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Flowers of Scotland

Tuesday, April 20, 2010

This evening, I am embellishing my flowers theme by including cactus flowers from nearby Queen's Park Botanic Garden, Glasgow. These first two images were taken this afternoon and provide an interesting colour dimension to Spring.



The following two images are from a vast collection of daffodils at Greenbank Garden, a National Trust property south of Glasgow.

This is Narcissus Ellen
Narcissus Southern Bell

Elsewhere today:

  • Met up with my techie friend to discuss various aspects of the website and blogs going forward. Quite a few interesting ideas to implement over the coming months.
  • Responded to a wide range of tour enquiries from around the world for both this year and next.
  • Designed an itinerary for a private Scottish Highlands tour for later next month.
  • Posted information to my GlasgowAncestry blog on Hopper family history.
Looking at the bigger picture, main news item is the continuing effect of the volcanic dust cloud on air travel (and tourism). It appears that prospects for the U.K. are not likely to improve much until the weekend. In the meantime the airlines are bleeding cash. Fortunately, May tends to be a relatively quiet month and hence I have no cancellations as of today.

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Day Tour from Cruise Ship, Scotland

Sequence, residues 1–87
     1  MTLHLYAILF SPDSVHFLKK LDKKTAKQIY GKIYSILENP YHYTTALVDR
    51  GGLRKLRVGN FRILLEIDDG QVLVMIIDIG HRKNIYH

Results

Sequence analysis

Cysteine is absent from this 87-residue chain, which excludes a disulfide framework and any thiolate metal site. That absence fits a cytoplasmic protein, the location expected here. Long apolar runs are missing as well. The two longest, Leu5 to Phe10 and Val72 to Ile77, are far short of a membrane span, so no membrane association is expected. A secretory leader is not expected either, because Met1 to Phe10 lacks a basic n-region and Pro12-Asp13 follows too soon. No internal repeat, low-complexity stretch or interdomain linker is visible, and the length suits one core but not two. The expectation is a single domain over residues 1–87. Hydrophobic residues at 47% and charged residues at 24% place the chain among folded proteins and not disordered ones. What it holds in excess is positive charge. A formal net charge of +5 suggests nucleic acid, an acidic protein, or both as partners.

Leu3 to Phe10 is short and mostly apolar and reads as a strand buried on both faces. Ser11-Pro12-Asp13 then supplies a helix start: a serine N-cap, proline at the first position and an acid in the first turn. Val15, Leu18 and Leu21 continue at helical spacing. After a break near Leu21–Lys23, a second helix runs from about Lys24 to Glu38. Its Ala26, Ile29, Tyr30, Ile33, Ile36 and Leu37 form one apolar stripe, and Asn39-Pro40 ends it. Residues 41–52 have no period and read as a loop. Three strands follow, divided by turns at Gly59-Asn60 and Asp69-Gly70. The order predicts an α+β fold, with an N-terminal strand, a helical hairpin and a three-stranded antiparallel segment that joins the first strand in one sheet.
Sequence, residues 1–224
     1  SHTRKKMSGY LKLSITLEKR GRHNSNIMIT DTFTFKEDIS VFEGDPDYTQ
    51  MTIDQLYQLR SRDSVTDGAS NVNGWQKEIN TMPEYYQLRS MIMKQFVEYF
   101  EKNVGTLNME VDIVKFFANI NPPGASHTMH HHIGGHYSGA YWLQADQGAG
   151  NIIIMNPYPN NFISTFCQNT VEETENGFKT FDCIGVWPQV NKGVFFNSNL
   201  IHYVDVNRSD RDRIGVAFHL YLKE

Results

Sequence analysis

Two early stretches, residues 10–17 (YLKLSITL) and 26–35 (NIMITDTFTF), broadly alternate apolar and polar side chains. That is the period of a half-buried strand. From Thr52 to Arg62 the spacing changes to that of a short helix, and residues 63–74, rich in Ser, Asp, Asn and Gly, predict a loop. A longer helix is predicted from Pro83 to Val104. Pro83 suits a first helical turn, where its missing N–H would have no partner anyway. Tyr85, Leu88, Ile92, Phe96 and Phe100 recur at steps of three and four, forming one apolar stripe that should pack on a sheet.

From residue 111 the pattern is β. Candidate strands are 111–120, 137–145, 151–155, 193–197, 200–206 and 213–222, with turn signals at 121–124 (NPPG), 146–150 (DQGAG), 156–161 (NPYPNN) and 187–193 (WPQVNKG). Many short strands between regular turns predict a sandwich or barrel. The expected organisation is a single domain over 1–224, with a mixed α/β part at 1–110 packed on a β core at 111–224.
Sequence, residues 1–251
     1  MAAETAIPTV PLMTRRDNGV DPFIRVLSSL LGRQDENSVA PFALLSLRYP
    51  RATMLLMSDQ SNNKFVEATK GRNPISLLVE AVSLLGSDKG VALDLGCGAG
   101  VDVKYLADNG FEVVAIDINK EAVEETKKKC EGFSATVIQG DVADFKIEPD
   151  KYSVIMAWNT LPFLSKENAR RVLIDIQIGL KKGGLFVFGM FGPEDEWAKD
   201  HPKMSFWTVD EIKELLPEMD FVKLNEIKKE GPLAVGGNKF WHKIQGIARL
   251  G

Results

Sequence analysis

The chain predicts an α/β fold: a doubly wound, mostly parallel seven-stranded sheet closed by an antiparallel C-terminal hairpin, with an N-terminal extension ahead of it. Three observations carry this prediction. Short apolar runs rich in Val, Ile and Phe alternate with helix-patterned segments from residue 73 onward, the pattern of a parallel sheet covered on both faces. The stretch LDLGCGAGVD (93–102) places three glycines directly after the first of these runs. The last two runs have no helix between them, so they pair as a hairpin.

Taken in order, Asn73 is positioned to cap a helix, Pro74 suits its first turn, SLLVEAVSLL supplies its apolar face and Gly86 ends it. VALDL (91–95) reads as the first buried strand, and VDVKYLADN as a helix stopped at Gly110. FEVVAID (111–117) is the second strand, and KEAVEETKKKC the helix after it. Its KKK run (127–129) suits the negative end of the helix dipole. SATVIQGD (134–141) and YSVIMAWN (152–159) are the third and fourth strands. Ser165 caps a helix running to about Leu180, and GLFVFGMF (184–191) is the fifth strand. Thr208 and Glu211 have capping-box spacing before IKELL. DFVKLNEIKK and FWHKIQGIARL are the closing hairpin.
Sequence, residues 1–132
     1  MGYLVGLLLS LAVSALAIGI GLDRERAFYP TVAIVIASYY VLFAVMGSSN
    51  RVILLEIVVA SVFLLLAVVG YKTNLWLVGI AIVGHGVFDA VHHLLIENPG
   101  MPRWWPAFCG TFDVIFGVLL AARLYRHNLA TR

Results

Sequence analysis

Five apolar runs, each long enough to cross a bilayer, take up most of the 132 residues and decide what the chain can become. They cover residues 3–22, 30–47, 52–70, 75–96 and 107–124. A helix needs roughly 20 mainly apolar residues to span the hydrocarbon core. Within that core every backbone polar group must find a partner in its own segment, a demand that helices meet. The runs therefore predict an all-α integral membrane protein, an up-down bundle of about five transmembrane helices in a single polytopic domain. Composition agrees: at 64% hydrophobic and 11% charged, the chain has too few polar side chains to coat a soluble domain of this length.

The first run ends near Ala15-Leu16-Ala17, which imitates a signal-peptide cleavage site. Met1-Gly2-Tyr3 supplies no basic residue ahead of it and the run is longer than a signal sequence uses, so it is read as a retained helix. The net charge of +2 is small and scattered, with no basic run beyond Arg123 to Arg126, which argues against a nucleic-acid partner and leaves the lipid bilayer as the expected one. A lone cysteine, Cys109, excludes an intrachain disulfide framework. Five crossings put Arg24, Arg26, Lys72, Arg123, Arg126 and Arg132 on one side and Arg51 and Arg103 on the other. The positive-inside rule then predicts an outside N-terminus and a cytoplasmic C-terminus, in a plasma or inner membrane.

Monday, April 19, 2010

This morning I collected a group of guests who had just arrived from North America on a cruise ship at Greenock.

Our first stop was the quaint little heritage village of Luss on the bank of Loch Lomond. The main village was originally built to house workers at a nearby slate mine but the properties are now mainly occupied by seniors. Some of gardens are very colourful. After a stroll through the village we went to end of the pier to admire Loch Lomond and Ben Lomond.

View of Loch Lomond from the pier at Luss.

Viking 'hogback' gravemarker at St. Kessog's Church, Luss. This probably dates back about 1100 years and indicates the antiquity of this Christian site.


After Luss we drove down to Balloch at southern tip of Loch Lomond and then on to Aberfoyle and the Trossachs. The hills and mountains still retained the residue of the winter's snow. This is Ben Ledi.
After the Trossachs we drove on to Doune Castle with its Monty Python connection. The castle dates from then 14th century and for a while was used as a hunting lodge by the Scottish royal family who were at the time located just a few miles away at Stirling. The castle was restored by the Earl of Moray in 1883 and is an impressive building.